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A self-hosting lifecycle

Posted on  by Tommy Ku

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Nowadays, I self-host my own todo list , pastebin, bookmarking chatbot, and YouTube downloader chatbot. At some point I had also hosted a note taking service and an expense tracker.

The takeaway I got from self-hosting web service is:

Self-hosting is like owning a pet,

you don’t have to unless you want to, but be prepared to pay and take care of it…

…except that you can abandon it anytime you want (kind of).

This post goes through the process I used to decide whether to self-host something, how to keep the service up-to-date and how to tell when I don’t need it anymore. I will mention a couple pitfalls I encountered when self-hosting that made switching or shutting down a self-hosted service difficult.

Before you decide to self-host…

First ask youself why. Same as buying a pet, you have to explain to the virtual parents inside you head why you need to self-host a service. Alternatives to the service you want to host is usually wildly available for free on the Internet, with perhaps more modern user interface, more fluent user experience and better customer support.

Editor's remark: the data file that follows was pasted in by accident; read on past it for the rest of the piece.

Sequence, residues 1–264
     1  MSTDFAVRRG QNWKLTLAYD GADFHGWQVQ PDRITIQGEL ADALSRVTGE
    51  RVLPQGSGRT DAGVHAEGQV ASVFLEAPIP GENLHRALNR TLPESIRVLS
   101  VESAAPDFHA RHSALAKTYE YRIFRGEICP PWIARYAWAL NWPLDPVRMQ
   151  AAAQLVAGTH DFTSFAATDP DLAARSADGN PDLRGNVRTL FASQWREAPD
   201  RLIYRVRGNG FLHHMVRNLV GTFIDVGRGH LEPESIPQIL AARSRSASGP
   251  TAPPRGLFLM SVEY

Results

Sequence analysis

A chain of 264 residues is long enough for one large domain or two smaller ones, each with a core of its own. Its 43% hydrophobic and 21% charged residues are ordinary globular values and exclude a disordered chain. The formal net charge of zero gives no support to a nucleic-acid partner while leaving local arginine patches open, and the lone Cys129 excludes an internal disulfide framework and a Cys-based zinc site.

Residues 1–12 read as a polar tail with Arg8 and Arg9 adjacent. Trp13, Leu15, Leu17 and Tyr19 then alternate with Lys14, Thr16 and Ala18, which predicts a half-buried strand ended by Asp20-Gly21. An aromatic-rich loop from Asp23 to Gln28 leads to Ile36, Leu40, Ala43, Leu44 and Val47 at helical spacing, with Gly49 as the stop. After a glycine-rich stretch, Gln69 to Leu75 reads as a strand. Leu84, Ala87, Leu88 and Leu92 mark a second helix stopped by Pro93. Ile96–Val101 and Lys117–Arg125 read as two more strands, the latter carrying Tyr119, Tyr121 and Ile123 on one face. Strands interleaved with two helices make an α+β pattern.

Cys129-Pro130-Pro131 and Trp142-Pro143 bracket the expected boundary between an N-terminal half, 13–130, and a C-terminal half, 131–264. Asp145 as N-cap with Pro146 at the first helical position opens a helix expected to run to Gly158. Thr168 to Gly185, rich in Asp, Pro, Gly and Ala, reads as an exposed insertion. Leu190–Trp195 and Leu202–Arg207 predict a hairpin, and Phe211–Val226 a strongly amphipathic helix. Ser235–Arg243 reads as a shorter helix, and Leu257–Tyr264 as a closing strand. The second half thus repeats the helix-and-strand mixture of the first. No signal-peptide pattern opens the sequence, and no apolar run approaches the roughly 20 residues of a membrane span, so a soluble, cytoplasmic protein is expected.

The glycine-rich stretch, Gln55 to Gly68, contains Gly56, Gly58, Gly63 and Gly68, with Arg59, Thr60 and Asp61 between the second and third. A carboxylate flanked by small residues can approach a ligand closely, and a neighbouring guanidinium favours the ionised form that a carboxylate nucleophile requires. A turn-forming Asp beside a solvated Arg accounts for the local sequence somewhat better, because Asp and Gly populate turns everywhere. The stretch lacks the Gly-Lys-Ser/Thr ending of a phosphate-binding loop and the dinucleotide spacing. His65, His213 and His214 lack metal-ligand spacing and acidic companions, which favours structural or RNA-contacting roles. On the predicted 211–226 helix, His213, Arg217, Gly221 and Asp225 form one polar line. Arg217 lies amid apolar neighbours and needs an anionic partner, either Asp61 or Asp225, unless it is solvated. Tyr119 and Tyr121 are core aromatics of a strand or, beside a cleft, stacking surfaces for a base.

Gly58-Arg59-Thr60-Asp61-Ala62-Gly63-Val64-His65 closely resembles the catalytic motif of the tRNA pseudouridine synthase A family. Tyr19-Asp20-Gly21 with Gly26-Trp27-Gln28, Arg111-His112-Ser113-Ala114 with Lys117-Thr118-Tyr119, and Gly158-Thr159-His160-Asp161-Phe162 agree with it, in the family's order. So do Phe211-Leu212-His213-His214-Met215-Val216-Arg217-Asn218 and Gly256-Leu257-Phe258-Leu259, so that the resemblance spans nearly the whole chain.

The downside of using 3rd party web services is that they are generally proprietary software, and you don’t always have an idea what they are doing with your data. So if privacy is your primary concern, you might really need to self-hosting it.

Yet let’s not omit the hidden cost of self-hosting. Think of the self-hosted service like a pet, it needs feeding (an VPS instance/server at home), grooming (software update/housekeeping), bigger bed as it grows (CPU/RAM upgrade), risk of being stolen (hacked) or used to serve other masters (hacked for botnet/cryptomining).

That’s why I said you might need to self-host if privacy is your primary concern. It may be better letting a reputable web service provider, especially those who have no interest in selling your data (who?), to safeguard your data than to self-host your service with insufficient security and leaving your data and server compromised.

There are more to think about in self-hosting something for the long term.

Instead of buying a pet, you may co-own your pet with somebody else too. I used to host my own expense tracking and online bookmarking service until I figured out that I could have done it the layman way using Google form. I use Google spreadsheet to process and analyse the data collected, without the need of writing and maintaining an app.